Another day dawns and another new male vocalist interpreting the Great American Songbook appears... but here's one who does it right. John Vance, with acting credentials from television, commercials and film, wanted to pursue his muse in becoming a jazz singer in 2001 and has co-produced this collection of twelve tracks. He is a resident in the L.A. area and also appears in local clubs there.
This album is a winner on several levels. Mr.Vance has a pleasant voice, not a significant one, and I would compare it somewhat to a Chet Baker presentation, on at least a portion of these songs. Baker was lambasted for not being a "good singer," which only acted in stimulating both the public and his own incentive to do more. Let's compare John Vance to the most popular male jazz vocalists to come along in the past year.
Peter Cincotti has the public convinced that he's the next Harry Connick Jr. I'm convinced that he's got a great public relations machine behind him and that he's the next supermodel for The Gap or Old Navy. He's a pretty good pianist but sings without any soul. Michael Buble, a young Canadian vocalist, with a good stage presence, has a pleasant delivery on pop songs with a trace of Mel Torme. He is not a jazz vocalist. Although I've never seen or heard John Vance other than this album, I'd put him ahead of either of these folks. He has a jazz sensibility that sets him apart from the others.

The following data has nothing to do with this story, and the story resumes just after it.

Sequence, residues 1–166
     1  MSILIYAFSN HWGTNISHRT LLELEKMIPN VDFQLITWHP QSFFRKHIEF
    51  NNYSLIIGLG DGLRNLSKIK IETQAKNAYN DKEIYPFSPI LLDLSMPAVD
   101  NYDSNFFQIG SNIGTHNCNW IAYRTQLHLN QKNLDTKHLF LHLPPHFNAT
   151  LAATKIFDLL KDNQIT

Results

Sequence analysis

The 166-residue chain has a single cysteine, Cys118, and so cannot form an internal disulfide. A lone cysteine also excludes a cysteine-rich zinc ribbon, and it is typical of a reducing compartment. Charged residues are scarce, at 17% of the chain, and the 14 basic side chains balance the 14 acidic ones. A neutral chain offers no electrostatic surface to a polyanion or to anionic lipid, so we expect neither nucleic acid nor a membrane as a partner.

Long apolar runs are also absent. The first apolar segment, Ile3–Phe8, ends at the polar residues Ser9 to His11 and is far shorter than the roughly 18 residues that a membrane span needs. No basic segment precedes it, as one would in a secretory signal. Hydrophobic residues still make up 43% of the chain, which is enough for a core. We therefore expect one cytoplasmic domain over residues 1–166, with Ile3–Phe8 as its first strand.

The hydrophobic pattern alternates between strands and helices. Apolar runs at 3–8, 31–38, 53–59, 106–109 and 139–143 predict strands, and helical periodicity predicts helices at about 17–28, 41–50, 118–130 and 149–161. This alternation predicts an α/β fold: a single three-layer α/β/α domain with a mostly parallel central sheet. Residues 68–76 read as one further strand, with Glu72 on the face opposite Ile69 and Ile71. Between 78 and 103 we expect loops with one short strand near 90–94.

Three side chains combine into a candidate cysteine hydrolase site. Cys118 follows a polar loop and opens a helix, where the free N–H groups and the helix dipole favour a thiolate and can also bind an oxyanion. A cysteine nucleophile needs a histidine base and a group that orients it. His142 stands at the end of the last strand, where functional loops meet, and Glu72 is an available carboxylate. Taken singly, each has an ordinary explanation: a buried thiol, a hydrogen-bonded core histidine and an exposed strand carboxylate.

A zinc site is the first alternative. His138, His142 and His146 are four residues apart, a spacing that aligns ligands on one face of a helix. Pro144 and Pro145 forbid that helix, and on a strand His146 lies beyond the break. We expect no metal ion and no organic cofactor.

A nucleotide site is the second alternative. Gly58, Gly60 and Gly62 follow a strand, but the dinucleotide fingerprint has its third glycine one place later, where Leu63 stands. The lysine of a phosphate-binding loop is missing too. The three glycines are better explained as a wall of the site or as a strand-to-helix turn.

The choice of material here is just right. Whether it's timing or good planning, several of these songs are ready for rediscovery, having been performed ad nauseum in the past. Good examples are the opening Oscar Hammerstein piece "I'll Take Romance," Kenny Rankin's "Haven't We Met," and the Warren-Gordon "There Will Never Be Another You"all staples of a typical 1960s bistro set list. Others like the Ned Washington-Hoagy Carmichael "The Nearness of You" and Mancini's film music "Two For The Road" never got enough attention along the way. Sure, there are some songs here that we could do without, like the title tune and even the Jobim classic "Wave," that have grown tired.
Vance and his trio, Jeff Colella, Randy Landas and Rod Harbour succeed in conveying a sensitive and swinging piano trio sound that is perfect accompaniment to the singer. Mr. Vance shows a "cabaret" affinity in selecting the right songs for the right occasion. We are indeed advised that this album, released late last year, won a "Best Cabaret CD of 2003" by the Beverly Hills Outlook.
Personnel: John Vance,vocals; Jeff Colella,piano; Randy Landas, bass; Rod Harbour,drums.